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At a Judiciary Subcommittee meeting in the House of Representatives in 2012, the head of the DEA, Michele Leonhart, declined to admit marijuana was any worse than heroin.

"I believe, uh, all illegal drugs are bad," Leonhart said, demurring from the larger point at hand—that, according to the DEA, marijuana is equally as dangerous as heroin. Both drugs are categorized as schedule I, meaning they have "no accepted medical use and a high potential for abuse," despite evidence pointing to the contrary for marijuana.

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Leonhart resigned in May, leaving the position to Chuck Rosenberg. In an interview with US News today, Rosenberg implicitly admitted that he disagreed with his predecessor:

“If you want me to say that marijuana’s not dangerous, I’m not going to say that because I think it is,” Rosenberg said. “Do I think it’s as dangerous as heroin? Probably not. I’m not an expert.”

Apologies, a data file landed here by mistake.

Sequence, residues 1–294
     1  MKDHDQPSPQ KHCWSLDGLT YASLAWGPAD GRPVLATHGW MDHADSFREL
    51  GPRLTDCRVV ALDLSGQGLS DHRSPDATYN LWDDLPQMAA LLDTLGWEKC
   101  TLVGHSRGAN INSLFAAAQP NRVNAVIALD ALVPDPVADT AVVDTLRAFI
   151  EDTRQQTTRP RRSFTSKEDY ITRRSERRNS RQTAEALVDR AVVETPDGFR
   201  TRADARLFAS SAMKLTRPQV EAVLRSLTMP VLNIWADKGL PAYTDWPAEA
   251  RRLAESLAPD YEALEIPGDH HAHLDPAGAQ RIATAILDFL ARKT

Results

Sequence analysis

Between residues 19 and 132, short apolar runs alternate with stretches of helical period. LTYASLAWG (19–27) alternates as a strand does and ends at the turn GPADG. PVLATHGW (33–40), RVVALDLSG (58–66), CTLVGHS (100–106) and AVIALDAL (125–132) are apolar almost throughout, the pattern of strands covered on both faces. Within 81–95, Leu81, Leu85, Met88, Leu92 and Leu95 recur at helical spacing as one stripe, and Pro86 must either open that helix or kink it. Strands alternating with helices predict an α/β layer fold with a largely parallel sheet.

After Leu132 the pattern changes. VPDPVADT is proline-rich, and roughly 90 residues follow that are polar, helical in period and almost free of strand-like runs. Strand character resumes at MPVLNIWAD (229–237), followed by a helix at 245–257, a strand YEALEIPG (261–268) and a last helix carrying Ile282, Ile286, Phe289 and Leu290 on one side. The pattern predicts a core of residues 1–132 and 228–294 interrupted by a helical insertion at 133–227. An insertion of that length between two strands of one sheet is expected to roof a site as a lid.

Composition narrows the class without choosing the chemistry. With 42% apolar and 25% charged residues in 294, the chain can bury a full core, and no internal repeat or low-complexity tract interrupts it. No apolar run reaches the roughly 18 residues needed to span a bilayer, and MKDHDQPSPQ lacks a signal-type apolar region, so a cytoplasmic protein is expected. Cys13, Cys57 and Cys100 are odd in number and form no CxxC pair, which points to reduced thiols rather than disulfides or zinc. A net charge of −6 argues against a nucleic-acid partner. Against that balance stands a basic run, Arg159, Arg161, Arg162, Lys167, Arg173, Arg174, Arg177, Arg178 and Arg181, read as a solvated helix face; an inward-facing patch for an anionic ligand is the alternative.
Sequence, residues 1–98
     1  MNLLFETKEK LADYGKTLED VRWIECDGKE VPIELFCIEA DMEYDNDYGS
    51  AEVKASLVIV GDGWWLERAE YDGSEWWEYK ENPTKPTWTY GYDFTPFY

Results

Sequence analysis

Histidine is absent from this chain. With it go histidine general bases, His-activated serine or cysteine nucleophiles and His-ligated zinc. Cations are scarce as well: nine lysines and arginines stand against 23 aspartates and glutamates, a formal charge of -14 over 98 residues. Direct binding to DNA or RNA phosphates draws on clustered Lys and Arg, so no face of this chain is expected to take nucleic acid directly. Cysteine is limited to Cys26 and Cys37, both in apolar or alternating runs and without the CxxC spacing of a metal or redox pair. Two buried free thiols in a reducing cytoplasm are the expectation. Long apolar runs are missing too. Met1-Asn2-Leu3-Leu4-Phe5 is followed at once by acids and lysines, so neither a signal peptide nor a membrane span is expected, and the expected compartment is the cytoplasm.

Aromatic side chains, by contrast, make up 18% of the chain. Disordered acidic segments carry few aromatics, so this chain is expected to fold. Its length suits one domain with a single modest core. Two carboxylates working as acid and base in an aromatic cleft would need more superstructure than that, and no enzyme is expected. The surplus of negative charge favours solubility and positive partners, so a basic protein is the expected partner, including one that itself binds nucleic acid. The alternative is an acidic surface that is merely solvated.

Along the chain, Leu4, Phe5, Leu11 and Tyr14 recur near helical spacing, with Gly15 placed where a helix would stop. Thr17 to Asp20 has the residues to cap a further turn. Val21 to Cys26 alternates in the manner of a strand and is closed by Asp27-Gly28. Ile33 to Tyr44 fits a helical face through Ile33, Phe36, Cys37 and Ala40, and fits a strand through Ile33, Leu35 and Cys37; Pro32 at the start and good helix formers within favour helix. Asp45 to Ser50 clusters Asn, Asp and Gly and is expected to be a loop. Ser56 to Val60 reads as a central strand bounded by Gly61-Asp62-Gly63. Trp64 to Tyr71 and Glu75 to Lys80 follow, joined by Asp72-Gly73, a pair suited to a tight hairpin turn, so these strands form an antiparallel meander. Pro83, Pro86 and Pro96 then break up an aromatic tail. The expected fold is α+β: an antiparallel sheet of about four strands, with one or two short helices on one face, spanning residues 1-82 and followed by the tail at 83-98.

He added: “Let me say it this way: I’d rather be in a car accident going 30 miles an hour than 60 miles an hour, but I’d prefer not to be in a car accident at all.”

This isn't just a stoner issue. The federal government's aggressive position on marijuana has long kept the drug from being legalized on a federal level, to the disproportionate detriment of minorities. As Michelle Alexander writes in her book The New Jim Crow, “in some states, black men have been admitted to prison on drug charges at rates twenty to fifty times greater than those of white men."

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Marijuana's been classified as a schedule I drug since the start of the Controlled Substance Act in 1970. A recent challenge to reschedule the drug fell short in April, but perhaps Rosenberg's admission today will be a step forward in reforming this arcane piece of legislation.

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Michael Rosen is a reporter for Fusion based out of Oakland.